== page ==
The 2016 Games build on the success of the 2014 edition, broadcast by the BBC
By Karen Hogan, Senior Editor
Tuesday, May 10, 2016 – 12:41 pm
Two years ago, the inaugural Invictus Games took place at Queen Elizabeth Olympic Park in London. The Games, created by the UK’s Prince Harry, bring together wounded, injured, or ill active-duty or veteran service members to compete in a variety of adaptive-style sports. In this year’s Games, more than 500 veterans from 14 countries are competing in 10 sports at ESPN’s Wide World of Sports in Orlando, with ESPN taking on host-broadcaster duties.
Because the BBC served as the host broadcaster for the 2014 Games, this year’s edition will be a first for ESPN, which will provide five days of exclusive live coverage on ESPN2 and ESPN3, beginning with Sunday night’s Opening Ceremony and concluding with Thursday’s Closing Ceremony.
“We’ve been planning since the end of last year and been in full swing since January of this year, making trips several times a month down to Orlando from Bristol,” says Dennis Cleary, associate director, remote production operations, ESPN, prior to the start of the Games. “[We worked] with the Invictus folks and with our colleagues at Disney to basically run through how everything’s going to be set up and what our production plans are going to be.”
The first step in ESPN’s production plan was the Opening Ceremony, which took place in Champion Stadium on the Wide World of Sports Campus. It was produced by Donaldson Creative using 16 ESPN-provided cameras, including a Skycam and two long-arm jibs. Since Champion Stadium is a baseball stadium (it is home to Atlanta Braves Spring Training), ESPN stationed its cameras at traditional baseball camera locations. ESPN and Donaldson Creative relied on Game Creek’s Pride A and B units, which will remain onsite until the Closing Ceremony.
“We’ve been hand in hand with [Donaldson], so they’re taking care of the actual production of the Ceremonies and we’re handling the TV side,” explained Cleary prior to the Opening Ceremony. “Our Executive Producer Bill Bonnell, [Head of Production Planning] Geoffrey Mason, and our Director Lorenzo Lamadrid have been, on a daily basis for the past six months, working with them from what their concepts are to how we would cover [the Games] and what [they] would look like on TV, all the way to what we are today.”
After the Opening Ceremony, ESPN shifted its focus to event competition. The Invictus Games comprise 10 events: archery, indoor rowing, powerlifting, road cycling, sitting volleyball, swimming, track and field, wheelchair basketball, wheelchair rugby, and wheelchair tennis. ESPN split the sports into two categories: indoor, which take place at HP Field House, and outdoor, which take place across a variety of venues.
HP Field House, a 5,000-seat basketball venue, hosted powerlifting, rowing, and archery on Monday, followed by volleyball on Tuesday, rugby on Wednesday, and basketball on Thursday. ESPN is deploying four or five cameras within the Field House, reconfiguring them to the specific event. The ESPN Wide World of Sports Production Center handles coverage of the indoor events.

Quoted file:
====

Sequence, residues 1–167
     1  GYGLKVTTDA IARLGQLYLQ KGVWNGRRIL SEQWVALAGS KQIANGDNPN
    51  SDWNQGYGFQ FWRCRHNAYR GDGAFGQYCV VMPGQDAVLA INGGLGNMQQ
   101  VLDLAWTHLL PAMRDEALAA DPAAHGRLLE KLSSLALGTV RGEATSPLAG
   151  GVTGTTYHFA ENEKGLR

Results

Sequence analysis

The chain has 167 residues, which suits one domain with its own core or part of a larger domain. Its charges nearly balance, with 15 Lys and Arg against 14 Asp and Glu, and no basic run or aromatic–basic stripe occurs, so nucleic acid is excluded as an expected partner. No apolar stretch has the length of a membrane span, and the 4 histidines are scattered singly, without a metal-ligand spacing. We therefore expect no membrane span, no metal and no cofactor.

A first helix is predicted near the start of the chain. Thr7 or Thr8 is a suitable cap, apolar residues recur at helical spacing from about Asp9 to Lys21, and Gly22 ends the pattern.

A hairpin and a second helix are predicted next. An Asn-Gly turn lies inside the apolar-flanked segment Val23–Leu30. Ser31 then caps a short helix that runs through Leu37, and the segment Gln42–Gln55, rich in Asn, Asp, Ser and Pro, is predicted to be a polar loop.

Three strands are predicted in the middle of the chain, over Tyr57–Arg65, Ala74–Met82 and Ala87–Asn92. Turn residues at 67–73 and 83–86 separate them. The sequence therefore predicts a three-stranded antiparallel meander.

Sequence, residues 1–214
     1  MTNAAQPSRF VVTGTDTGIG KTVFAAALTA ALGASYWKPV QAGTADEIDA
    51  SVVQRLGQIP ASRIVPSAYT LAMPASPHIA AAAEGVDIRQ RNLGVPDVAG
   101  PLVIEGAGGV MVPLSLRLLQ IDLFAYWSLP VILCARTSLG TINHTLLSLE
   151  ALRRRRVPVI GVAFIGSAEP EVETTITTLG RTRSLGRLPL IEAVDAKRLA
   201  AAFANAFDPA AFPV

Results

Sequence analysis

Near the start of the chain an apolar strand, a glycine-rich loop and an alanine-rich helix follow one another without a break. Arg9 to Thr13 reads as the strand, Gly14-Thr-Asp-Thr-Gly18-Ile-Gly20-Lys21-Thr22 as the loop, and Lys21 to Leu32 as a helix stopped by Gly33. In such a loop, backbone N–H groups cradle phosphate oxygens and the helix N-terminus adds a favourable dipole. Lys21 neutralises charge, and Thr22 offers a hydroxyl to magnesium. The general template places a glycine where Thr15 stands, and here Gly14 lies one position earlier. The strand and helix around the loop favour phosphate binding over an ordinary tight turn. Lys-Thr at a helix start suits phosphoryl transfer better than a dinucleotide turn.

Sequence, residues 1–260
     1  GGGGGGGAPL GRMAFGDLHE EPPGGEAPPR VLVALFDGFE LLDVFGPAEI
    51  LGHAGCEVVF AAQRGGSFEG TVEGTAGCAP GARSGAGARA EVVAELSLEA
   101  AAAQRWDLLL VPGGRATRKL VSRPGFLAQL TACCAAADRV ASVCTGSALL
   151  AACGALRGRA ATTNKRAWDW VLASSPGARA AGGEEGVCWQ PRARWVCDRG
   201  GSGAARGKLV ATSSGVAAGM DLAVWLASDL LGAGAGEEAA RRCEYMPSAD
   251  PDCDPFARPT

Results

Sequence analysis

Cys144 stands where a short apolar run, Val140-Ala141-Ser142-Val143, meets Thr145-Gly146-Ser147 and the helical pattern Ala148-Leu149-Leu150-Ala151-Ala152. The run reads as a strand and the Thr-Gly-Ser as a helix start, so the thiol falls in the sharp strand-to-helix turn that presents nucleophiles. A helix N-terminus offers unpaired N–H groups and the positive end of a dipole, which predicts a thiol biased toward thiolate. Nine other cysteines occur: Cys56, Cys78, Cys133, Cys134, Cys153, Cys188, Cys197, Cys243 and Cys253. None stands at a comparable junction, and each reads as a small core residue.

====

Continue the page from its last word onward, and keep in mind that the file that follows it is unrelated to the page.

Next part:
For outdoor events, ESPN is deploying four to six cameras and operates out of a second control room within the Production Center. The network covers track and field at the New Balance Track & Field Complex on Tuesday, swimming at the Swimming Pool on Wednesday (a temporary Olympic-size swimming pool was constructed for the Games and will be dismantled at the conclusion), and tennis at the Tennis Complex on Thursday. Road cycling, which will take place on the grounds of the ESPN Wide World of Sports Complex, will not be broadcast live.
In total, ESPN will offer more than 35 hours of live coverage on ESPN3 and will broadcast a daily primetime recap show at 9:00-11:00 p.m. on ESPN2 out of Game Creek’s Pride units.
As the host broadcaster, ESPN provides both a dirty and a program feed for international rightsholders. The BBC is also onsite, cutting its own show using ESPN’s dirty and clean feeds. The two networks are sharing onsite resources, including eight Avid Symphony workstations housed within Game Creek’s Edit 2 (a ninth workstation lives in Pride B), all EVS network content, and RF audio equipment from Broadcast Sports International. The two are also sharing a host stage, located outside the entrance to the complex, for their respective nightly recap shows.
Game Creek worked with Creative Mobile Solutions (CMSI) to integrate a 10GB EVS XT network into an Avid Interplay postproduction environment, enabling the editing of live feeds within Edit 2. The tapeless workflow, which provides editing resources to both ESPN and the BBC, and is supported around the clock by a joint team of Game Creek and CMSI staff.
“Pretty much all the content that we’re shooting and we’re clipping, [the BBC] will have access to,” explains Cleary, “and we have access to some of their archive content, because they were the host broadcaster and the lead broadcaster in the 2014 London Invictus Games.”
On Thursday night, the 2016 Games will conclude with the Closing Ceremony in Champion Stadium, once again produced by Donaldson Creative in partnership with ESPN out of Game Creek’s Pride A and B. Next year, after only a one-year hiatus, the Invictus Games travel to Toronto and will be broadcast exclusively on TSN in Canada with Bell Media as host broadcaster.
“It’s a new challenge,” says Cleary. “It’s a great event, and I’m proud to be a part of it.”